Research on diet therapy in CKD
Research on protein and lipid metabolism in CKD
Research on drug-induced nephrotoxicity
Analysis of renin-angiotensin system in the kidney

4) Practical, experimental chronic kidney disease/ uremic toxin research (PRECURE)

Research subjects

Clinical studies of risk factors for CKD progression
Clinical studies of mortality and CKD-related complications in CKD patients, especially undergoing dialysis treatment
Mechanisms for CKD-induced acceleration of atherosclerosis, especially focused on uremic toxins
Mechanisms for CKD-mineral bone disorders and uremic osteoporosis
Pathogenesis of dialysis-related amyloidosis
Development of new blood purification system for more removal of uremic toxins
Convenient blood purification system at disaster for hemodialysis patients
Study about vascular access hemodialysis catheters

5) Rheumatology Group

Research subjects

Reactive amyloidosis associated with rheumatoid arthritis
Idiopathic osteonecrosis of femoral head in patients taking glucocorticoid
Atypical femoral fractures in patients with connective tissue diseases taking oral bisphosphonates
Long-term prognosis of patients with SLE / ANCA-associated vasculitis
Clinical characteristics of ANCA-associated otitis media

4.Research Results

[Area] Genome and Molecular Biology Group

[Research subject] Bacterial composition in tonsillar crypts in patients with IgA nephropathy.

[Description]
IgA nephropathy is a primary chronic glomerular disease that is characterized pathologically by deposits of galactose-deficient IgA1 and the mesangial proliferation. However, how galactose-deficient IgA1 is produced and deposits in mesangium remains to be elucidated.
IgA nephropathy patients sometimes present temporary exacerbation of hematuria at the time of tonsillar infection, and the efficacy of tonsillectomy for the treatment of IgA nephropathy has been reported. Therefore, it has been speculated that the bacterial flora present in tonsils causes some immunological modification in mucosal immunity and leads to the development of IgA nephropathy. The cultivation and isolation of bacteria have long been the gold standard for the identification and characterization of microbes. However, 99% or more of the bacteria are thought to be difficult to cultivate, which was an obstacle to detailed research of bacterial flora. We performed the comprehensive microbiome analysis in the palatine tonsils of IgA nephropathy patients, collaborating with Department of Otolaryngology Head and Neck Surgery in Niigata University, in a joint research with Tokyo Institute of Technology, National Institute of Genetics, and Juntendo University. Genomic DNA from tonsils of each patient was extracted, and the 16S ribosomal RNA gene was amplified and analyzed using a high-throughput multiplexed sequencing approach. We found that the patterns of bacteria in tonsils of IgA nephropathy patients are similar with those of recurrent tonsillitis patients. The host response to the bacteria might be important in the development of IgA nephropathy. The results were reported in Nephrology Dialysis Transplantation.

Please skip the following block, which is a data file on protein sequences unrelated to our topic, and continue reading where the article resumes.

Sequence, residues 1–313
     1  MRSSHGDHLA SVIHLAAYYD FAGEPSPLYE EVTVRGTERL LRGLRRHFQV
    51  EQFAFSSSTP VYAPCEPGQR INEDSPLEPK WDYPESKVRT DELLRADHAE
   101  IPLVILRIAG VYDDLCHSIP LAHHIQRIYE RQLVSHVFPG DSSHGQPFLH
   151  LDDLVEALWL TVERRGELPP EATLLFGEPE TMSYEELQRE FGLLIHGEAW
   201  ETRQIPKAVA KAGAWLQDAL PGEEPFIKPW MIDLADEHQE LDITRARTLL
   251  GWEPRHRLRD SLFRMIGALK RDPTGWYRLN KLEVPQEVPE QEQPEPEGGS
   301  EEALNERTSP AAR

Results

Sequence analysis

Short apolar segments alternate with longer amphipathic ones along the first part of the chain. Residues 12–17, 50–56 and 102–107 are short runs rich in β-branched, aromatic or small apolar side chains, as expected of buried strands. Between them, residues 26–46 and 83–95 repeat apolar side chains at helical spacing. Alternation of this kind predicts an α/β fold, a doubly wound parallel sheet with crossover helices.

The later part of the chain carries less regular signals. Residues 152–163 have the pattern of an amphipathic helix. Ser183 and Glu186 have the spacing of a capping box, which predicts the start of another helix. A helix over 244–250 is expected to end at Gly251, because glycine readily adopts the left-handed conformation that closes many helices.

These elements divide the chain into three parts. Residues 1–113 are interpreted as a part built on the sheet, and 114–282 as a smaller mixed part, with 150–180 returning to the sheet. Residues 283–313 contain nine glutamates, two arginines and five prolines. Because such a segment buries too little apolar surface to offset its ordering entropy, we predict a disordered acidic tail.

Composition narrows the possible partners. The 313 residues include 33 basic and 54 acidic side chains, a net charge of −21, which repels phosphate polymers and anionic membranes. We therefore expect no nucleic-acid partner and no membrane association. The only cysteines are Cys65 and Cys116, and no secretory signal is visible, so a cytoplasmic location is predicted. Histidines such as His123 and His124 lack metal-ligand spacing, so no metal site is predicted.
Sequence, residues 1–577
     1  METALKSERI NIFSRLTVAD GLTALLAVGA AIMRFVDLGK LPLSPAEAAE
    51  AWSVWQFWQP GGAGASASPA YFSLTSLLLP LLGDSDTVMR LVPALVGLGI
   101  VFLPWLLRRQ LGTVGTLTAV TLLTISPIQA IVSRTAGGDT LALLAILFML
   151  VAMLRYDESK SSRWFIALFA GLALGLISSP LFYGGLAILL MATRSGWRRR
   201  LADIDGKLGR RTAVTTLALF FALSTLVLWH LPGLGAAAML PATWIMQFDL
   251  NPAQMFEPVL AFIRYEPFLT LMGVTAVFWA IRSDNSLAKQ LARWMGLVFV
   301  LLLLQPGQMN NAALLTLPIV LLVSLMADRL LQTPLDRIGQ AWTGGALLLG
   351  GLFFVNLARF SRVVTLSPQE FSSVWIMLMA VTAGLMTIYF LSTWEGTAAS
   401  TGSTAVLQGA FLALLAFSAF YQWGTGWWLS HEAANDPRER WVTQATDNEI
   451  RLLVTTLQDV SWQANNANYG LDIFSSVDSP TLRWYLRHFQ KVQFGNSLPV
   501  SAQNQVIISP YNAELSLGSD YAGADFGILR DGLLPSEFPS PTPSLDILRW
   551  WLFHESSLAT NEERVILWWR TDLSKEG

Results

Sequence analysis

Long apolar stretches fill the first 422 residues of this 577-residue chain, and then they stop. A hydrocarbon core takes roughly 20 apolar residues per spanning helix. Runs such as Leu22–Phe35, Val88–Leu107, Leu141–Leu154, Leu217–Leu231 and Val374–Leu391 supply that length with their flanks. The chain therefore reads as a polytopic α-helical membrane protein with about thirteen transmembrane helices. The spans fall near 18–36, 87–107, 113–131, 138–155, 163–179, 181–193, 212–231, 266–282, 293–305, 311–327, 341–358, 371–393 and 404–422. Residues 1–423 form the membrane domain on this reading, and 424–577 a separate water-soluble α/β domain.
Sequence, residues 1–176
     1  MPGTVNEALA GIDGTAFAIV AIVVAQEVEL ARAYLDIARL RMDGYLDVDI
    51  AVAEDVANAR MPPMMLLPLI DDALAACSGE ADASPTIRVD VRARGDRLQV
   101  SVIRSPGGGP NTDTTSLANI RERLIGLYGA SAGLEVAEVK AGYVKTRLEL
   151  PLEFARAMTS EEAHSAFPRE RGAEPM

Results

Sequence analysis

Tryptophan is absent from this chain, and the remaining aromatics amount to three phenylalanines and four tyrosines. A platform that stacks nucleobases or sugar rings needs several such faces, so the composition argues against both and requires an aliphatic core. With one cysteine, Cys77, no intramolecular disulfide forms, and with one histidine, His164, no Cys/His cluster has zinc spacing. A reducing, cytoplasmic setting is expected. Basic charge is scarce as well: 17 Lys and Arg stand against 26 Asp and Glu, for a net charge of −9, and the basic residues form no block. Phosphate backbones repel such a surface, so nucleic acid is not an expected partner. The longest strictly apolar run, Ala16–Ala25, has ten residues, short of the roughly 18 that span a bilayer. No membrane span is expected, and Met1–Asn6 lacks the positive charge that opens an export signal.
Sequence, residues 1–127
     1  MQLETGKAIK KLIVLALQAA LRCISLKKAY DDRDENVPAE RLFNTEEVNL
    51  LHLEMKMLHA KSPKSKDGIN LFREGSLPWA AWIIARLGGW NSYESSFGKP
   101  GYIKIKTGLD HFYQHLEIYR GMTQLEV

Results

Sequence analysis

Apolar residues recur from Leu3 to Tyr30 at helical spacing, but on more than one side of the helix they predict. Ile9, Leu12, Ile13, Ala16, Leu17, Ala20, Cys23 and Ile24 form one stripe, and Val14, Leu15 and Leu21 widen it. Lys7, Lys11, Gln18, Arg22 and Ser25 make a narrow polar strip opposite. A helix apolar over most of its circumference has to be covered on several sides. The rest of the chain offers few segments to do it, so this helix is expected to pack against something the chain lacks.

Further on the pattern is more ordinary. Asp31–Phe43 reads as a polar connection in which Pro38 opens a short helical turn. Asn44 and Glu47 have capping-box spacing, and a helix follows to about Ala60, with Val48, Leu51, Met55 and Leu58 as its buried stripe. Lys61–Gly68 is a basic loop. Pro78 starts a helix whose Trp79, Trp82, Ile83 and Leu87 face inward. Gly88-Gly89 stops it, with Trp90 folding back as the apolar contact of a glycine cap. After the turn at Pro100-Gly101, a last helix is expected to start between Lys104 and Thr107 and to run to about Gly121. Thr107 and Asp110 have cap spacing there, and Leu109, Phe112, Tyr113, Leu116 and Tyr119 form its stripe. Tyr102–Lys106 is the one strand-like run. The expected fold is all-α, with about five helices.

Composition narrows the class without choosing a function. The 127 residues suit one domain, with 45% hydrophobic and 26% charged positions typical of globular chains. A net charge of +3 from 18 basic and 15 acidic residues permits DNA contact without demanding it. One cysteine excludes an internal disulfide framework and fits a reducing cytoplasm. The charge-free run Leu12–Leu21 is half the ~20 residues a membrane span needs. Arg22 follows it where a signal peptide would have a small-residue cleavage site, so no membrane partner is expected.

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Bacterial composition in tonsillar crypts by 16S rRNA gene sequencing. IgAN, IgA nephropathy patients; RT, Recurrent tonsillitis patients; TH, Children with tonsillar hyperplasia.

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Comparison of the relative abundance of each genus.

[Area] Renal pathology Group

[Research subject] Light-microscopic characteristics of IgG4-related kidney disease

[Description]
IgG4-related kidney disease (IgG4-RKD) is defined as renal lesions of IgG4-related disease, which is a new disease concept originating in Japan that is characterized by increased serum IgG4 levels and tissue infiltration of IgG4-positive plasma cells, and often presents with tubulointerstitial nephritis. We conducted a multicenter collaborative study with Kanazawa University, Kobe University, Joetsu University of Education, and Nagaoka Red Cross Hospital to reveal light-microscopic differences between IgG4-RKD and other forms of tubulointerstitial nephritis. Specific interstitial fibril formation (storiform fibrosis, figure on the right) and cellular infiltration expanding into the renal capsule were observed only for IgG4-RKD. We concluded that these findings are crucial to distinct IgG4-RKD from other forms of interstitial nephritis.